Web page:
Avian Influenza Detected in Livingston County

A case of avian influenza has been found in Livingston County, making it the fourth case of the highly contagious virus found in Michigan this year.

Following an investigation by the Michigan Department of Agriculture and Rural Development, U.S. Department of Agriculture’s National Veterinary Services Laboratories confirmed the presence of avian influenza (HPAI) in a non-commercial poultry flock from Livingston County.

Previous cases of HPAI were detected in Kalamazoo, Macomb and Menominee counties.

“As we continue to respond to HPAI in Michigan, we are strongly encouraging all flock owners to take steps to better protect their poultry and help reduce the spread of this disease. Now is the time for action,” said State Veterinarian Dr. Nora Wineland. “Taking every step possible to keep wild birds and the germs they could be carrying away from domestic birds will help to limit the spread and impact of this virus, keeping Michigan’s flocks healthy.”

HPAI is a highly contagious virus that can be spread in various ways from flock to flock, including by wild birds, through contact with infected poultry, by equipment, and on the clothing and shoes of caretakers. To protect other flocks in Michigan, the premises is currently under quarantine, and the birds will be depopulated to prevent further disease spread.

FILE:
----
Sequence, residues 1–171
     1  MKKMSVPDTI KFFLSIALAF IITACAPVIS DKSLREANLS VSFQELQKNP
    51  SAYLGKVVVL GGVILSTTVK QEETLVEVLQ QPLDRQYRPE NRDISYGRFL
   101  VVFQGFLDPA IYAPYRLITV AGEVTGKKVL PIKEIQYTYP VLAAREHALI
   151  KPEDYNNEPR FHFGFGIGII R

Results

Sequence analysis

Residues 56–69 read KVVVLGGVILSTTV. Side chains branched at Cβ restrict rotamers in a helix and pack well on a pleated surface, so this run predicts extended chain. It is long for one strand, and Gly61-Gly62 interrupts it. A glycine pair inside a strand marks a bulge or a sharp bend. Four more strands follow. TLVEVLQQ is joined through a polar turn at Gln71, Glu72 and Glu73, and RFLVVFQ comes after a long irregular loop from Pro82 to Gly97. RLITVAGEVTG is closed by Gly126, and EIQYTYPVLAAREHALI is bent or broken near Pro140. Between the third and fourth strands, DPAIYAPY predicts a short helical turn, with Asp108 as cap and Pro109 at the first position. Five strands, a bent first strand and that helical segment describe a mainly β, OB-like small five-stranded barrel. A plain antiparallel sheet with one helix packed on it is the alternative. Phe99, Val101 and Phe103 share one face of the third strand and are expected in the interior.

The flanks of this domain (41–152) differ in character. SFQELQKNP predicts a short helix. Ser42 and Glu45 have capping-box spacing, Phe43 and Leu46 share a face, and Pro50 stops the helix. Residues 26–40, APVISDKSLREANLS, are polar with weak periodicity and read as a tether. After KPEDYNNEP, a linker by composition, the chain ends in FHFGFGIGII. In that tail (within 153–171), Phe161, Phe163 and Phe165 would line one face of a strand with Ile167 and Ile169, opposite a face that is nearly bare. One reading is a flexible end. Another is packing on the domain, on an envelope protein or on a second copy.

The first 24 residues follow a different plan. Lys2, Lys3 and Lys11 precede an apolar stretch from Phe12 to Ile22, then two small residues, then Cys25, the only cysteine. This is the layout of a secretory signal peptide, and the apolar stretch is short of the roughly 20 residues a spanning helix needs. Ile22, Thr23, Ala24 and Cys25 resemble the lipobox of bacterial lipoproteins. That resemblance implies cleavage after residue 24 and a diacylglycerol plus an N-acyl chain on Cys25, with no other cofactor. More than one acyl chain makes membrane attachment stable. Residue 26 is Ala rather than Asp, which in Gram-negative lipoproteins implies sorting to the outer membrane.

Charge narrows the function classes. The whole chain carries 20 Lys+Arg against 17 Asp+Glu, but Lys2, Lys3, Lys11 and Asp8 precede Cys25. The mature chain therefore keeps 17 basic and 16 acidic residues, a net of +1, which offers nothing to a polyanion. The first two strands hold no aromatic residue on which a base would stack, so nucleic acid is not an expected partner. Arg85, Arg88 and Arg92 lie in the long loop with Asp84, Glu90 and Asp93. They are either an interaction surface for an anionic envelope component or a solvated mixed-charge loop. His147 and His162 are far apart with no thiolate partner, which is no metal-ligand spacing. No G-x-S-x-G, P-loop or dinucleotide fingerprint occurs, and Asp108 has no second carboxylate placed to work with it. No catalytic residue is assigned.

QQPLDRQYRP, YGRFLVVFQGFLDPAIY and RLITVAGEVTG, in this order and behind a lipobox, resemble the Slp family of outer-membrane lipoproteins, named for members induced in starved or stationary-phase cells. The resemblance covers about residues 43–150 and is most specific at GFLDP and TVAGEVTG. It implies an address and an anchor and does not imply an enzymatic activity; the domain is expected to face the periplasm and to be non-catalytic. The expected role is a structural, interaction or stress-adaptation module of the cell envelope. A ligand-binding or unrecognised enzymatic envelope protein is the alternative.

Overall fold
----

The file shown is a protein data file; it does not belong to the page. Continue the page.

As a result of this detection, there are no anticipated disruptions to supply chains and no threat to public health or food safety.

According to MDARD, the following biosecurity measures is fundamental to protect the health and vitality of Michigan’s domestic birds:

  • Prevent contact between domestic and wild birds by bringing them indoors or ensuring their outdoor area is fully enclosed.
  • Wash your hands before and after handling birds as well as when moving between different coops.
  • Disinfecting boots and other gear when moving between coops.
  • Do not share equipment or other supplies between coops or other farms.
  • Cleaning and disinfecting equipment and other supplies between uses. If it cannot be disinfected, discard it.
  • Using well or municipal water as drinking water for birds.
  • Keep poultry feed secure to ensure there is no contact between the feed/feed ingredients and wild birds or rodents.

Poultry owners and caretakers should watch for unusual deaths, a drop in egg production, a significant decrease in water consumption, or an increase in sick birds. If avian influenza is suspected, contact MDARD immediately at 800-292-3939 (daytime) or 517-373-0440 (after-hours).